Reprinted with Permission from the Birmingham Medical News
If the 2017 healthcare environment could be summed up in one word, it would be “uncertainty.” With the largely unexpected election of Donald Trump as President, the multiple, unsuccessful attempts by the Republican controlled Congress to repeal and replace the Affordable Care Act (“ACA”), and the recent Executive Orders by President Trump that could destabilize the health insurance markets, payers, providers and patients are trying to plan for an uncertain future. In addition, Alabama healthcare providers of all sorts and sizes face increased cyber security threats, a new Medicare Administrative Contractor beginning the first quarter of 2018, and changes to Medicare payment and performance initiatives. In these uncertain times, I present to you my top ten healthcare developments of 2017 for Alabama healthcare providers.
10. Physician Practice Settles with the Government for Failure to Return Credit Balances. On October 13, 2017, it was announced that First Coast Cardiovascular Institute, P.A. (“First Coast”), a Florida physician practice, had agreed to pay $448,821 to resolve allegations that it violated the False Claims Act by knowingly delaying repayment of more than $175,000 in credit balances owed to Medicare, Medicaid, TRICARE, and the Department of Veterans Affairs. The settlement stemmed from a qui tam lawsuit brought by a former employee of First Coast. While the total dollar amount of the settlement is relatively small compared to other False Claims Act cases, the application of a 2.5x multiplier of single damages is on the high end. It is widely expected that the government will increase its investigation and prosecution of providers who fail to return credit balances or other overpayments owed to federal payers. Pursuant to the ACA, a provider or supplier who has received an overpayment from a federal payer must return the overpayment within the latter of: (1) 60 days after the date on which the overpayment was “identified,” or (2) the due date of a corresponding cost report, if applicable (the so-called “60-Day Rule”). An overpayment is “identified” once a provider or supplier has or should have, through “reasonable diligence,” quantified the overpayment. This investigation period cannot exceed six months from receipt of credible information of the overpayment, absent extraordinary circumstances.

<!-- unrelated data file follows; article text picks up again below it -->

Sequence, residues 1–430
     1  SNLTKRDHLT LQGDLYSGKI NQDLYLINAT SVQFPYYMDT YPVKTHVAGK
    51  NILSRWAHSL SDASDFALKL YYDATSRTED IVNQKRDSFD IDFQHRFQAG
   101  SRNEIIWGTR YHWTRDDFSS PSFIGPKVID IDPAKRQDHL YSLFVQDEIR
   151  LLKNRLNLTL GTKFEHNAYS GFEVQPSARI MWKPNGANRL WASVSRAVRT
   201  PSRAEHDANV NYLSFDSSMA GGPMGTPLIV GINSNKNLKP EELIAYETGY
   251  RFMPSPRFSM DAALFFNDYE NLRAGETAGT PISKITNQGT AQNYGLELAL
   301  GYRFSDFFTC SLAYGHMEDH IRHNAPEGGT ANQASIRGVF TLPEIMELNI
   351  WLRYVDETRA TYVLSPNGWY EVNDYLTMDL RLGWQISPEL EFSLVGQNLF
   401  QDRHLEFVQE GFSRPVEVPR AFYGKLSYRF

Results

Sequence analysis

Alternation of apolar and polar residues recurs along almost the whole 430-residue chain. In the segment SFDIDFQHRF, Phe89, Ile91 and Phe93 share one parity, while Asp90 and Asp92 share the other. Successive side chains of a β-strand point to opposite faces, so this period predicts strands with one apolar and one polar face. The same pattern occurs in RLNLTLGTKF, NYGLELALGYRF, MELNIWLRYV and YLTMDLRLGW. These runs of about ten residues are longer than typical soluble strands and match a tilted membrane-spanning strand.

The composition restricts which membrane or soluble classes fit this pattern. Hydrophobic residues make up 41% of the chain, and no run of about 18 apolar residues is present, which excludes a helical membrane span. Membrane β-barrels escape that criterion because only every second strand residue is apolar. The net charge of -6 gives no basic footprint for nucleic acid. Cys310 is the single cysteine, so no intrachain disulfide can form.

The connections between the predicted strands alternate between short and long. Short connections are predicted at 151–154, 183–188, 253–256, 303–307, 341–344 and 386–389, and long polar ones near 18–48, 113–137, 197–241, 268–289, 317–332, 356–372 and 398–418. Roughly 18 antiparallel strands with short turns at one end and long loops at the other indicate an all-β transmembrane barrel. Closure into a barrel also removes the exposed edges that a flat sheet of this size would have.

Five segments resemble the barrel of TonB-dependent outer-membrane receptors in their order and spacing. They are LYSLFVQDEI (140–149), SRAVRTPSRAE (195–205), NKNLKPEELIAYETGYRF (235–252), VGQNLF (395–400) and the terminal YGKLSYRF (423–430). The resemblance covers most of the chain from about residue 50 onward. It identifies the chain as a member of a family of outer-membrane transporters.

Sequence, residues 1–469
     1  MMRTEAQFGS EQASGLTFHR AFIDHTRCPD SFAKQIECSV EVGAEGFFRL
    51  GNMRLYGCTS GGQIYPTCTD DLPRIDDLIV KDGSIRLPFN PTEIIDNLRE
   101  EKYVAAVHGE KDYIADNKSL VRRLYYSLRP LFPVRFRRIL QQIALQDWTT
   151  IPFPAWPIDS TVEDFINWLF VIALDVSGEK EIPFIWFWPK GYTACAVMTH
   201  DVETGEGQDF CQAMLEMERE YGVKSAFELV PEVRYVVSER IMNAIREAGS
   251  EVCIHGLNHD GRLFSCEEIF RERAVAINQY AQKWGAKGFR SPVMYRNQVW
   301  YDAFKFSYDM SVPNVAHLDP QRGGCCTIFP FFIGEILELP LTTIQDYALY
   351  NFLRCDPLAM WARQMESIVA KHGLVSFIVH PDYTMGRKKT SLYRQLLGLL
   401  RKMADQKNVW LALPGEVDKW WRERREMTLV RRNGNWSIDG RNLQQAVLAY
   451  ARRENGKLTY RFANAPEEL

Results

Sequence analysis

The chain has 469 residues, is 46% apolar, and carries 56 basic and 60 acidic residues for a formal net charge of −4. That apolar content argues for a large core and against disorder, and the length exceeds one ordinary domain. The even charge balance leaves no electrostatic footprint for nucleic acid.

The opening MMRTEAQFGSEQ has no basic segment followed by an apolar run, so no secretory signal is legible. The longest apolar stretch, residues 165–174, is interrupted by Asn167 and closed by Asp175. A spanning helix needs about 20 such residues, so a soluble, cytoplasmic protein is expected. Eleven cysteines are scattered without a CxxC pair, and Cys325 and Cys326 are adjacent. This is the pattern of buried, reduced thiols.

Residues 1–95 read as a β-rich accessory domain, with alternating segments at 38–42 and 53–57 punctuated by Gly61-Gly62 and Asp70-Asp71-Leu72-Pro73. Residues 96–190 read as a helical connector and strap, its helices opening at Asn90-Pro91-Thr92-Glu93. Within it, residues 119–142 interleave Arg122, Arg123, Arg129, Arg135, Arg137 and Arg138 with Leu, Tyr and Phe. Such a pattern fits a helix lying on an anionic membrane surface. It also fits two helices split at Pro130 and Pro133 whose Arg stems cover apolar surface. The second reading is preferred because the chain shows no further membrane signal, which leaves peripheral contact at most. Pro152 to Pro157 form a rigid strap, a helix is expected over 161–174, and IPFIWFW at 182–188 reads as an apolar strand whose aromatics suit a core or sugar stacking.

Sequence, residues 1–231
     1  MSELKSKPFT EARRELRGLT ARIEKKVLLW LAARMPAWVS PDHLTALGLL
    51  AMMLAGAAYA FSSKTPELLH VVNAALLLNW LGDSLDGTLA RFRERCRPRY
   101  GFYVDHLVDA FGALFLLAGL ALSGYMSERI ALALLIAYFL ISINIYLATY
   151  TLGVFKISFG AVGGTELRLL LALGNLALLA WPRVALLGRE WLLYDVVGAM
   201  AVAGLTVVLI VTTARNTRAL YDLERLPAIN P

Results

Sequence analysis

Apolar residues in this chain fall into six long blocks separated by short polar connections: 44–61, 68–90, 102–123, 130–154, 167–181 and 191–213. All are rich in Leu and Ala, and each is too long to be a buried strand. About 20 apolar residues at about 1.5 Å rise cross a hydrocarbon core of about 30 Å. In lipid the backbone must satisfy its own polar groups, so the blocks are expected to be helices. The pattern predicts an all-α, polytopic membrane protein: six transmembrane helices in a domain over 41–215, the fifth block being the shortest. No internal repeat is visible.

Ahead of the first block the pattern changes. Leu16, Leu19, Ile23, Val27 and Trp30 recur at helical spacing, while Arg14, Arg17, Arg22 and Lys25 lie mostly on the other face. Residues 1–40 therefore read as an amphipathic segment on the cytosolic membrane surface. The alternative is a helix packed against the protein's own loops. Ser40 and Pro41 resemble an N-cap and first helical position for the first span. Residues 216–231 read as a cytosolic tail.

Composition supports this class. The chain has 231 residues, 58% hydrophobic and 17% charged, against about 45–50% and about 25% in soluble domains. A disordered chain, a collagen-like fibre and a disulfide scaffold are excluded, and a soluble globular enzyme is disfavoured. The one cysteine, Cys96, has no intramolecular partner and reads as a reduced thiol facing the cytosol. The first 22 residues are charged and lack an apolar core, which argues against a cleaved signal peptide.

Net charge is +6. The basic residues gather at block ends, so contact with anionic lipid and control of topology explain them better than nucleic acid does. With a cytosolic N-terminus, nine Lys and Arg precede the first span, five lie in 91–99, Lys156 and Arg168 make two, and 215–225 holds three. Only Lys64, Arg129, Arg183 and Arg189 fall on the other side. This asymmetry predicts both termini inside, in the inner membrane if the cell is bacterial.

9. Alabama Pill Mills. As a by-product of the Opioid Crisis (see paragraph 2 below), the government has stepped up its investigation and prosecution of physician practices that prescribe narcotics for illegitimate purposes, so called “pill-mills”. In March of this year, two pain management physicians in Mobile, Alabama were convicted of running a pill-mill following a seven-week trial. The physicians received lengthy prison sentences and forfeited virtually all of their personal assets, including several houses, beach condos, and 23 luxury cars. In addition, each physician was ordered to pay a $5 million judgment to the government, as well as $15 million in restitution. A few months after the conviction, U.S. Attorney General Sessions announced a nationwide takedown of 120 doctors, nurses, and pharmacists, entitled “Operation Pilluted,” who were charged with various federal offenses related to their alleged “unlawful distribution of opioids and other prescription narcotics.” Recently, a special prosecutor has been assigned to the Northern District of Alabama in Birmingham for the sole purpose of investigating providers that illegally prescribe narcotics.
Download the full article, “2017 Healthcare Year in Review” written by Howard E. Bogard.